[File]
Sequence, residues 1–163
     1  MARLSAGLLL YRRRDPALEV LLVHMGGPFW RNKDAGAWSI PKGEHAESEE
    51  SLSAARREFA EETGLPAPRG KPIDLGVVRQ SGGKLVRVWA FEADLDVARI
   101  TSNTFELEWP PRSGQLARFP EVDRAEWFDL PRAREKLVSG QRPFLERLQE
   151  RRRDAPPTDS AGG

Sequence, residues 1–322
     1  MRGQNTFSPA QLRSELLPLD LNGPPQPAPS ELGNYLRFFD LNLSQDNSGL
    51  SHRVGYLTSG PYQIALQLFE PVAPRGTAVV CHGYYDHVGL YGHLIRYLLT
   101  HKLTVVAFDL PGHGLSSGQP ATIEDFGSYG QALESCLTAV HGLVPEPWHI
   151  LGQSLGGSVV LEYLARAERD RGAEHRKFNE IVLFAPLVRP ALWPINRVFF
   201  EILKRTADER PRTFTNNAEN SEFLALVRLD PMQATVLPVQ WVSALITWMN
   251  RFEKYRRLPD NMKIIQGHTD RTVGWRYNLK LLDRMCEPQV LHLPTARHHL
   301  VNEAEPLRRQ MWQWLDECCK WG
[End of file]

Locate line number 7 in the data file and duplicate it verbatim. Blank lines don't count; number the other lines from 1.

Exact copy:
     1  MRGQNTFSPA QLRSELLPLD LNGPPQPAPS ELGNYLRFFD LNLSQDNSGL